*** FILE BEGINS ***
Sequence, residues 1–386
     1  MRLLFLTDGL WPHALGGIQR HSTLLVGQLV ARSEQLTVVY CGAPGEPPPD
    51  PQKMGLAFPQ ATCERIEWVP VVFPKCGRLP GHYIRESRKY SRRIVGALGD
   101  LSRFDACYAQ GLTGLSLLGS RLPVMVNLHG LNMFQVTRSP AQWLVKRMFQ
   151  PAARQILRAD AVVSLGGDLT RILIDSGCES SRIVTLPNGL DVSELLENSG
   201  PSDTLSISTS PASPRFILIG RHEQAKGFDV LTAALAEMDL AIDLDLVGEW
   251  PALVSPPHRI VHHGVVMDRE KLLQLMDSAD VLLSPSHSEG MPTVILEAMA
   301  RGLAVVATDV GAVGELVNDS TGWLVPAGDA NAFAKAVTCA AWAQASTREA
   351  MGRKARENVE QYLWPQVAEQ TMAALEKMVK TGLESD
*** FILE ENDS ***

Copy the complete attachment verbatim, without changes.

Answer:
Sequence, residues 1–386
     1  MRLLFLTDGL WPHALGGIQR HSTLLVGQLV ARSEQLTVVY CGAPGEPPPD
    51  PQKMGLAFPQ ATCERIEWVP VVFPKCGRLP GHYIRESRKY SRRIVGALGD
   101  LSRFDACYAQ GLTGLSLLGS RLPVMVNLHG LNMFQVTRSP AQWLVKRMFQ
   151  PAARQILRAD AVVSLGGDLT RILIDSGCES SRIVTLPNGL DVSELLENSG
   201  PSDTLSISTS PASPRFILIG RHEQAKGFDV LTAALAEMDL AIDLDLVGEW
   251  PALVSPPHRI VHHGVVMDRE KLLQLMDSAD VLLSPSHSEG MPTVILEAMA
   301  RGLAVVATDV GAVGELVNDS TGWLVPAGDA NAFAKAVTCA AWAQASTREA
   351  MGRKARENVE QYLWPQVAEQ TMAALEKMVK TGLESD